As the number of novel coronavirus cases continues to rise nationwide, the recurring message from many public health experts and doctors has been simple: Wearing masks saves lives.
But as face coverings have become increasingly commonplace in American life, so have questions about efficacy. Do neck gaiters work?
There is nothing wrong with neck gaiters being used as face coverings. The problem is the material of which they are made.
In a new study from Duke University in North Carolina, researchers concluded that fleece neck gaiters made from a polyester and spandex blend aren’t effective in blocking coronavirus droplets.
The study finds some cotton cloth masks are about as effective as surgical masks, while thin polyester spandex gaiters may be worse than going maskless.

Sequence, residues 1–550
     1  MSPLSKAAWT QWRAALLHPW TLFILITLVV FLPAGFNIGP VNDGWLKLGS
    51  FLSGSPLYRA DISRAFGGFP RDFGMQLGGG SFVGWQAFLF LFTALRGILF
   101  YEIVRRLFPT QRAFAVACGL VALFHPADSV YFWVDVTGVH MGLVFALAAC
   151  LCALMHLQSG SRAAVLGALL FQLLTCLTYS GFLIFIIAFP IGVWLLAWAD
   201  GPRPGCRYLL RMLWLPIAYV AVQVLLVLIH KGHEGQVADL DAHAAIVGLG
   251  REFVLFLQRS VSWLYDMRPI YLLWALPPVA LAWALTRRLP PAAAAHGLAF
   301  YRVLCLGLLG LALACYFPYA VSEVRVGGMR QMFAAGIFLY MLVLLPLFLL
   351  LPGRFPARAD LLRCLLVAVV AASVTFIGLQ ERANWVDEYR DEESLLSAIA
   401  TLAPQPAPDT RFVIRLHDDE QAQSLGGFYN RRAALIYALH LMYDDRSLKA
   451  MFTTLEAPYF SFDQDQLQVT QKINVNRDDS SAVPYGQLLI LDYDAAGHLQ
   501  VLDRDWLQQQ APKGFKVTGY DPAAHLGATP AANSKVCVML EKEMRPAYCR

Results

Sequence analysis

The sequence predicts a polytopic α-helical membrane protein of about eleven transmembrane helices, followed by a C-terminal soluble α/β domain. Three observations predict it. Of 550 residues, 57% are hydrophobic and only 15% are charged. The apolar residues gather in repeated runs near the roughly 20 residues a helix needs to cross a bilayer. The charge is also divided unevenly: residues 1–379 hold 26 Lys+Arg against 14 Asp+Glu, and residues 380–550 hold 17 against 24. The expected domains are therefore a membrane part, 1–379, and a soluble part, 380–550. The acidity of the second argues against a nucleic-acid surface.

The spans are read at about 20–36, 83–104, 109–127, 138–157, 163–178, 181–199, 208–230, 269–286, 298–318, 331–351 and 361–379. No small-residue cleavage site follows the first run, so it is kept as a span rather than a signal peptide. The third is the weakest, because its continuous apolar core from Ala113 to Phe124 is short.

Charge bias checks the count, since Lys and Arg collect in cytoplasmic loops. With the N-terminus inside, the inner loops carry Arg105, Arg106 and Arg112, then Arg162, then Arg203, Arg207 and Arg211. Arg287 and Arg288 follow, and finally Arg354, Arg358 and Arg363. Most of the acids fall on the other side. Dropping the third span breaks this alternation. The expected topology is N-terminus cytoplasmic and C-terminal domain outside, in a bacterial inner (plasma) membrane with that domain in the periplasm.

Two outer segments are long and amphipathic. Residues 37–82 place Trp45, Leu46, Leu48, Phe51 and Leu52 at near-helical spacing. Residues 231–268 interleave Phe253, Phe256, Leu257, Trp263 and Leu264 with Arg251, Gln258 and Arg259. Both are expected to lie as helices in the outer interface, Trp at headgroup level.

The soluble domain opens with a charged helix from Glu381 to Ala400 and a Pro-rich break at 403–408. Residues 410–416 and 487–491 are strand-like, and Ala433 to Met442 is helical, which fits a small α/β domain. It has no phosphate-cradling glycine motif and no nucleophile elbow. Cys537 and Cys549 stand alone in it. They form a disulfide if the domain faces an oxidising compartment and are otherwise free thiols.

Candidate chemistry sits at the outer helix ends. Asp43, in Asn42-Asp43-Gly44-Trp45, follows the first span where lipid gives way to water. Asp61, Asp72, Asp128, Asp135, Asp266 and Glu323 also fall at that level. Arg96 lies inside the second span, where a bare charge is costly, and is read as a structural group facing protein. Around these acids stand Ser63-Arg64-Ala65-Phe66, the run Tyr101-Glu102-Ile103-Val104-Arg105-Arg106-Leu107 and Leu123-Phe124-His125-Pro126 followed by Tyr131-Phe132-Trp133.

Neck gaiters that are triple layered and made out of cotton are the most effective.
It is recommended that the gaiter be made out of a material that does not have a large enough space between the fibers to allow virus particles to easily pass through. If you hold the gaiter up to the sun and see daylight, then it is likely that the mask will not perform well in preventing viral spread.